CLI-FI AT 2Y: LEARNING GEOSCIENCE THOUGH CLIMATE-CHANGE FICTION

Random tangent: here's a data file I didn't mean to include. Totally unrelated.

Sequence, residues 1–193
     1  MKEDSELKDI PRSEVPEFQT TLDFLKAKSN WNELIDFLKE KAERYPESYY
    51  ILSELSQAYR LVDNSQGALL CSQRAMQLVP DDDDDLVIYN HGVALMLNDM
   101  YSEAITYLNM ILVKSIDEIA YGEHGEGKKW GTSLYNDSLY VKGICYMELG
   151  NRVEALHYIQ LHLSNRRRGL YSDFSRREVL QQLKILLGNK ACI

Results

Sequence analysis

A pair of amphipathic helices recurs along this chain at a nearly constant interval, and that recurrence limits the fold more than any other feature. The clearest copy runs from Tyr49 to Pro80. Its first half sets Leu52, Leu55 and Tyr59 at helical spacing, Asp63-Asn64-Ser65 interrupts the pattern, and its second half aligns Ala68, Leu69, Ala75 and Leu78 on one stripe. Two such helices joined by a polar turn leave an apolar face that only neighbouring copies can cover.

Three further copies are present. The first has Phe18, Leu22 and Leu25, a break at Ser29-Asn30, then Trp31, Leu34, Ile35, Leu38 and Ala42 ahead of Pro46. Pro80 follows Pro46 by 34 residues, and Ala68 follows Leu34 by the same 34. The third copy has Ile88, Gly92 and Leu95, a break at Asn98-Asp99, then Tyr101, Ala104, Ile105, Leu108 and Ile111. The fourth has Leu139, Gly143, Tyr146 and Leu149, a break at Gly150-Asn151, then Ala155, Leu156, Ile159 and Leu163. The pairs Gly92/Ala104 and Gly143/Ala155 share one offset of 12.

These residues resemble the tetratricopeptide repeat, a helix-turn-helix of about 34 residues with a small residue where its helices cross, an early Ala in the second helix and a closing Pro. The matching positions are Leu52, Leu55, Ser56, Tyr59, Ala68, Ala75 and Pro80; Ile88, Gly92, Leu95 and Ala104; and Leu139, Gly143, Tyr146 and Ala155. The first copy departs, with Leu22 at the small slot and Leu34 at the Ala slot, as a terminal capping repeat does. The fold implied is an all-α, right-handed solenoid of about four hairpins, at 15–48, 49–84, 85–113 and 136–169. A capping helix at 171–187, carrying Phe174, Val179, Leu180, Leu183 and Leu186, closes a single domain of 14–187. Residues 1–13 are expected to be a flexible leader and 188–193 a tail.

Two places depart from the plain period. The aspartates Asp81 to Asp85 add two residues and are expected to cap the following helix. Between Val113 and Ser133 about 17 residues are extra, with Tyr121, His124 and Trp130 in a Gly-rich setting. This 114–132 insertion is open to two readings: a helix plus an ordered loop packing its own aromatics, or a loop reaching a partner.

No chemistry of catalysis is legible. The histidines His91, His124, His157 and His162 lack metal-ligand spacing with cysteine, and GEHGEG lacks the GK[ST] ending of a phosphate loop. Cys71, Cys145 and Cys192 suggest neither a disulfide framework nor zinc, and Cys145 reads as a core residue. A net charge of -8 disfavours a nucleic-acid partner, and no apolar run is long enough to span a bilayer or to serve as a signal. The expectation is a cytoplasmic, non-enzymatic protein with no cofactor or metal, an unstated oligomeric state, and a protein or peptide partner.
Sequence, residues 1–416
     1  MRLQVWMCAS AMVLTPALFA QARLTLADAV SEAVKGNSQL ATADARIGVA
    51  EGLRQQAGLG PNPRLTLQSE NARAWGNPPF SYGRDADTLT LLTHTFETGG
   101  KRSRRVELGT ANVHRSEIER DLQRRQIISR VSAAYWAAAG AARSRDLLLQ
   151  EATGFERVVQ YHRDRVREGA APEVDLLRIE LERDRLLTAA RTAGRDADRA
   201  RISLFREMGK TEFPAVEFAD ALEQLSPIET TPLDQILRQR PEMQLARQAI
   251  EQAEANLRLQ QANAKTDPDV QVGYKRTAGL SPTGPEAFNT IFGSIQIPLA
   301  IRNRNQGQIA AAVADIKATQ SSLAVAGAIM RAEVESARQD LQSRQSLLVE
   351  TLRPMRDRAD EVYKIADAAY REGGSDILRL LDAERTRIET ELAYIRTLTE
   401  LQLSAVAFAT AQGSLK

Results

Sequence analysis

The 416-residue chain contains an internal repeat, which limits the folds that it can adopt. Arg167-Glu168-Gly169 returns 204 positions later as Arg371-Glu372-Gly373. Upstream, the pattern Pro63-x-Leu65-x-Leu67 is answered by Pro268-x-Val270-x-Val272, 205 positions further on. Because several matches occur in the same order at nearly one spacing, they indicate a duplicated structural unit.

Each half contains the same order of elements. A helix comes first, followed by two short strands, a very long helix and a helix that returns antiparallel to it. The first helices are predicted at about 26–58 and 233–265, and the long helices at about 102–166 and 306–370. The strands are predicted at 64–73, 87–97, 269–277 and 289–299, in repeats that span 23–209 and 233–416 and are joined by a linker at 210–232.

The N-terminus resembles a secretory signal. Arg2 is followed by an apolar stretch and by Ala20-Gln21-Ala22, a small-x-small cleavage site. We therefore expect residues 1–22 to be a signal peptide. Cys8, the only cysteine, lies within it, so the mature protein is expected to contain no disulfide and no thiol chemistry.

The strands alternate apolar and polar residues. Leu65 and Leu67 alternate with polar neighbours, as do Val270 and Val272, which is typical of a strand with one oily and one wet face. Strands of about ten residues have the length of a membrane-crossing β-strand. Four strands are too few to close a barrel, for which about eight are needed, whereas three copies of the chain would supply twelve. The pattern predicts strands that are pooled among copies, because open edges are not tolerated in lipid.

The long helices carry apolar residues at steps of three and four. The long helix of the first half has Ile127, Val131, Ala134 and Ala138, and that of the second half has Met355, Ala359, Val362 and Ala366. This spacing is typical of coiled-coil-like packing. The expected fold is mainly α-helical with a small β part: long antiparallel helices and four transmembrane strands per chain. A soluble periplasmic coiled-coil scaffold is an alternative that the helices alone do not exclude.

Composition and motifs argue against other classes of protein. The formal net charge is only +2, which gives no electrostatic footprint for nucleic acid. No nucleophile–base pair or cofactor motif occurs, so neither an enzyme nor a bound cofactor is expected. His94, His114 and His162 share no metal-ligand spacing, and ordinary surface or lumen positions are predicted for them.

My English colleague and I team-teach seminar style and invite geoscience or humanities faculty as guest lecturers. To help students focus on climate change issues or themes, we use a “climate-change stress index.” In all students’ fictional reading, they locate and describe several features of the climate-changed world, such as adaptation/mitigation, breakdown in civilization/social order, climate imbalance/disorder, mass extinctions, illness/disease, and resource scarcity. This stress-index technique helps us use cli-fi’s settings, plots, and characters not just as jumping off points for general discussion but as windows through which students get an integrated view of science and fiction in one lesson. For example, when reading The Windup Girl, we use Google Earth to co-locate events in the novel with real Bangkok locations. We may ask, Where would the fictional engineers build the sea wall? How high would it have to be? If it failed (and it does), what areas of Bangkok would flood first? This literary science fact-checking motivates students to take the fiction seriously by critically checking or assessing its verisimilitude. As final projects, students write either original creative cli-fi pieces or research an aspect of climate change science important in their lives. All students present their projects at an end-of-semester cli-fi/geoscience mini-conference.